IHP news #461

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Global health’s X-files & TB momentum

By on March 16, 2018Dear Colleagues,


This week’s intro comes from IHP contributor Clara Affun-Adegbulu. Among others, she ponders the somewhat mysterious sounding “Disease X”.

Disease X, Maladie X, Krankheit X… Is this is a multilingual list of illnesses from a  medical sci-fi series based in outer space, or one of Elon Musk’s apocalyptic nightmares? No. It is in fact, the 8th disease on the WHO’s recently released list of Blueprint priority diseases.

Globalisation, cheap flights and unprecedented levels of human movement mean that new diseases and mutated strains of old ones can spread more easily, rapidly turning local outbreaks into global epidemics. Outbreak preparedness through research and development is vital to containing such epidemics and ensuring global health security. Yet it is clear that focusing only on specific diseases could leave us open to being taken by surprise, by an outbreak of a different disease which may be just as deadly, but requires different responses. It is of course impossible to decide with certainty, which diseases will be causing havoc in any one year, so adding a disease with a placeholder name to the list is a great idea. This should force people to think outside the Blueprint of priority diseases box, and enable the prioritisation of cross-cutting preparedness measures which go beyond the research and development of particular vaccines, to more general but just as important ones like reinforcing health systems and ensuring that they are ready and resilient enough to cope with outbreaks of previously unknown diseases. It also shows that the WHO (and the wider community of global health security experts) have finally decided to be pragmatic and accept the fact that predictions of the diseases which are likely to lead to epidemics are sometimes nothing more than educated guesses.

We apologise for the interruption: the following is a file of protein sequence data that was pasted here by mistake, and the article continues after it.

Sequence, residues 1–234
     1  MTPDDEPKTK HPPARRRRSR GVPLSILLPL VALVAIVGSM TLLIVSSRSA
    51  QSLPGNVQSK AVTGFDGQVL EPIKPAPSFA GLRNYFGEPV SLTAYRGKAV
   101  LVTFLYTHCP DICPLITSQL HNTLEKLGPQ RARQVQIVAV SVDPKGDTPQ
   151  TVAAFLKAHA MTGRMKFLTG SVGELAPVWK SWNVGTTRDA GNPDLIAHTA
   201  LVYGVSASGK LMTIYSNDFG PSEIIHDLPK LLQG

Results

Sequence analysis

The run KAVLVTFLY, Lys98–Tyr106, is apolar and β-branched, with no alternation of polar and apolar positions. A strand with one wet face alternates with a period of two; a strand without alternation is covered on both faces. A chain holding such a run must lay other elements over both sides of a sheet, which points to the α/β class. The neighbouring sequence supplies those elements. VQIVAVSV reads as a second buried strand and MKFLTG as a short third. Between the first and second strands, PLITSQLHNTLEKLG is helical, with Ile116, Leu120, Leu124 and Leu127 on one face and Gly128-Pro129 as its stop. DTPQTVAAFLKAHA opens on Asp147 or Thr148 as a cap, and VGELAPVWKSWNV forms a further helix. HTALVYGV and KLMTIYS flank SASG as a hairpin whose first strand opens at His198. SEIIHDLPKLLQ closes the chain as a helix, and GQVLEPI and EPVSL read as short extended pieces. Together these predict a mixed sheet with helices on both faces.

Educated guesses and increased unpredictability bring us to today’s geopolitical context, where authoritarianism is becoming de rigueur; populism and nationalism are on the rise; wars seem to go on forever; and some leaders act with impunity, not caring one jot about international conventions. In the current climate of international instability, it is becomingly increasingly difficult for the WHO and other global stakeholders to take the lead and act. Navigating an unpredictable, dynamic situation, where everything is changeable and changing is challenging, one could say, borrowing from the WHO’s nomenclature, that we are currently living in a “World X” (the “Allo Allo” fans among you might prefer the term ‘Krank Welt’). The latter feels at least as dangerous as ‘Disease X’ (at least if you’re not Elon Musk and counting on Mars as a way out).

So we now live in a “World X” which is at significant risk of a “Disease X” outbreak, and this requires “Research X” in preparation for a “Response X” which can be scaled up, adapted and deployed quickly, should the need arise. This, as the WHO has recognised, is one of the most effective ways of assuring global health security. But if this starts to sound a bit like the X-files, we don’t blame you.


Enjoy your reading.

The editorial team



(you find the pdf of the newsletter here: IHPn461 )

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